What does the User Mapping tab of Login Properties really tell us.6
June 24, 2019 by Kenneth Fisher
In case it’s not clear, we are talking about the Login Properties GUI in SQL Server Management Studio (SSMS). Now, if you’ve ever been to my security session (next opportunity) then you realize that I’m really impressed with SSMS. How security is handled? Not so much. Mostly because there are a lot of different places where security is listed, and sometimes you have to go to multiple places in order to get a feel for the actual permissions. Well, now I have a new fun fact about the security GUI.
The User Mapping tab of Login Properties is a pretty useful screen. It shows a list of all of the databases you can see and what roles you are a member of in each.
But what does that really mean? I’d always assumed that the checkbox in the top area meant you have a user in the database. No, not so much.
REVOKE CONNECT FROM [Cowardly😺];
So if there is no checkbox next to a database that ONLY tells you that you don’t have the CONNECT permission. Note: It will only tell you what the associated USER name and Default Schema are if you have that permission, regardless of the fact that associated user exists. If you look in the bottom security though you are still a member of different roles!!!!
Does that really matter? I mean if you don’t have the connect permission then you don’t have access right? No, not so much. Active Directory/Windows groups and even roles can have the CONNECT permission. So in this particular example if Cowardly😺 doesn’t have the CONNECT permission but is a member of the ICanConnect role which just has the CONNECT permission then they will be able to connect to the database and then make use of any permissions they have directly through their user or any roles/groups they may belong to.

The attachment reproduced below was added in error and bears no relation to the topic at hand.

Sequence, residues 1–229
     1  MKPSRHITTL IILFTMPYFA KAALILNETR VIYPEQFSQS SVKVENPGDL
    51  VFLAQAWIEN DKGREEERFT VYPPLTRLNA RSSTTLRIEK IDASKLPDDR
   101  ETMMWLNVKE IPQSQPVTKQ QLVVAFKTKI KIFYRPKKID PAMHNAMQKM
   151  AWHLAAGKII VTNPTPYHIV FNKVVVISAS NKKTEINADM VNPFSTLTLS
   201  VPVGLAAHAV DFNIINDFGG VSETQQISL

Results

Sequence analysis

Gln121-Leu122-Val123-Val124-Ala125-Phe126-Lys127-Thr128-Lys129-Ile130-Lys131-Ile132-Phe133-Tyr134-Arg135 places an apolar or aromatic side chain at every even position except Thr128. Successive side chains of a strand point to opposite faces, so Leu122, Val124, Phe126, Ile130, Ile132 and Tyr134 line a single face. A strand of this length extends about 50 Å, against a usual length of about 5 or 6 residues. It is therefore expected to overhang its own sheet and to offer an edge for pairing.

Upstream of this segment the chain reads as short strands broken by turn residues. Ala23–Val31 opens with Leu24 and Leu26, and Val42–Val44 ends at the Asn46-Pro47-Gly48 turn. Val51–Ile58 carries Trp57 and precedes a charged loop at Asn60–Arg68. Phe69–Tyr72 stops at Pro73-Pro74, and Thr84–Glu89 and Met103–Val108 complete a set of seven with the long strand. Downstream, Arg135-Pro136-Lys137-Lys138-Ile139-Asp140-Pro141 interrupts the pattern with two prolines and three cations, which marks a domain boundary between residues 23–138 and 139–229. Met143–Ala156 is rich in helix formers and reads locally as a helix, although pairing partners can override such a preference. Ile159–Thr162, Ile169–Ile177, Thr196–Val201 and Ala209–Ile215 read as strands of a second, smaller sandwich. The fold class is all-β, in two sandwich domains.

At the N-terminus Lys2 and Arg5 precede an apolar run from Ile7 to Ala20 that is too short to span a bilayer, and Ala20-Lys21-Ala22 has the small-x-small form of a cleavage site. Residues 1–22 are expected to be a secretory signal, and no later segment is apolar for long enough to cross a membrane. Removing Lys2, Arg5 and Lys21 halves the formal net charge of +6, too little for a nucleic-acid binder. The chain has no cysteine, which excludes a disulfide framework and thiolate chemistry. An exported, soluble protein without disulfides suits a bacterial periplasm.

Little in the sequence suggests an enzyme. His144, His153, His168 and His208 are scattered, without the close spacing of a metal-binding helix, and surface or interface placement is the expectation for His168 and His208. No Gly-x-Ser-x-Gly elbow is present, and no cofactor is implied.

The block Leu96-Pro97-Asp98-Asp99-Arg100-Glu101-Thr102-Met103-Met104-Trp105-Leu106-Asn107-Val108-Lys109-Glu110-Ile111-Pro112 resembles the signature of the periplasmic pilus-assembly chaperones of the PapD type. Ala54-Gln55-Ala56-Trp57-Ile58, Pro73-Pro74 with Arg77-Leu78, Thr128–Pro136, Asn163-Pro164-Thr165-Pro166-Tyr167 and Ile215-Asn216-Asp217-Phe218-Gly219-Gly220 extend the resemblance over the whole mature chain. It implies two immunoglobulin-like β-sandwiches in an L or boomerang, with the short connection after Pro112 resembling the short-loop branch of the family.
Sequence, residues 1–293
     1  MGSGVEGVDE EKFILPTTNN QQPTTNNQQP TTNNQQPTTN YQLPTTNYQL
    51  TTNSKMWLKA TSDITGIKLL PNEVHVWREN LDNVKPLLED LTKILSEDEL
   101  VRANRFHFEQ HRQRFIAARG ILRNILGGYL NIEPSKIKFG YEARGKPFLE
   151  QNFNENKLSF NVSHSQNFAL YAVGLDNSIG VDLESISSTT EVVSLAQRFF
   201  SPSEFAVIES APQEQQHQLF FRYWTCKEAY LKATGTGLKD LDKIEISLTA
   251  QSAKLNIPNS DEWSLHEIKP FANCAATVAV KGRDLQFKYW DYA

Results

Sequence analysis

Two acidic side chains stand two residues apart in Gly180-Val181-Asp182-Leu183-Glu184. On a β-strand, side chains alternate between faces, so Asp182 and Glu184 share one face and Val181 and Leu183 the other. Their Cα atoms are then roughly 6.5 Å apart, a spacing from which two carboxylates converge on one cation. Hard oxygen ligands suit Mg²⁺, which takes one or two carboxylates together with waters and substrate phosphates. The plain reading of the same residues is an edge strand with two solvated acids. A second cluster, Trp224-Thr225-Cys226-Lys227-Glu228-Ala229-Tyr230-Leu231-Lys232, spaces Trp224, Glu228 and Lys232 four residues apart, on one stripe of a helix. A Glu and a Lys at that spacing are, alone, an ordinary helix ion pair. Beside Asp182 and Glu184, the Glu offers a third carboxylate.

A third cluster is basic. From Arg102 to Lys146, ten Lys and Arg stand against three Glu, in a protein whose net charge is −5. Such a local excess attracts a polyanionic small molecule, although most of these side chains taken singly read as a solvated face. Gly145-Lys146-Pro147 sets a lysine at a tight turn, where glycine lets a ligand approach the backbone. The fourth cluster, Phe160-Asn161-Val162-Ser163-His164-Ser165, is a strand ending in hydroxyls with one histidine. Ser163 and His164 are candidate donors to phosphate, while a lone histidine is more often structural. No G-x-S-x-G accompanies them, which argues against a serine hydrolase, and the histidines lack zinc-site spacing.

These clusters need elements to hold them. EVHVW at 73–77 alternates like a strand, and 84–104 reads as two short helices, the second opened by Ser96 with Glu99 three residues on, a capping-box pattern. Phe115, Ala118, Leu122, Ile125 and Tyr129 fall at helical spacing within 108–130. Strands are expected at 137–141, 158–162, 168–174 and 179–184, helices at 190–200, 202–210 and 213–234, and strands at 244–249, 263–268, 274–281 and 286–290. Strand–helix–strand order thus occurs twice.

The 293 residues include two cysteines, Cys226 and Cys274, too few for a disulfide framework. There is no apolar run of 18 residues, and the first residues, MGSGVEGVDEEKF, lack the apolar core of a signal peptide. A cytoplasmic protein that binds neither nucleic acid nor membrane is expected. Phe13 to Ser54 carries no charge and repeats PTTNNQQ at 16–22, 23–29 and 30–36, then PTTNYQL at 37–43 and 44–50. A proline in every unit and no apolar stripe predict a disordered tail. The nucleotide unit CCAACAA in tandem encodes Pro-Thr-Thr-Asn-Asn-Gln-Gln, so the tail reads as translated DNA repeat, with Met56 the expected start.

Category: Microsoft SQL Server, Security, SQLServerPedia Syndication, SSMS | Tags: Microsoft SQL Server, security, SSMS
6 thoughts on “What does the User Mapping tab of Login Properties really tell us.”
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Nice! I had a question though. How did you name a database using animal faces? Or was that just added for effect? It’s unique for sure.
It’s actually both completely normal and added for effect. I’ve decided (with absolutely no evidence) that having emoji’s for the name of a demo database makes the information more memorable.
In general though SQL handles emoji’s just fine 🙂
That is awesome! Thank you for sharing Sir
very interesting info on security and SSMS tab. TX for sharing!!
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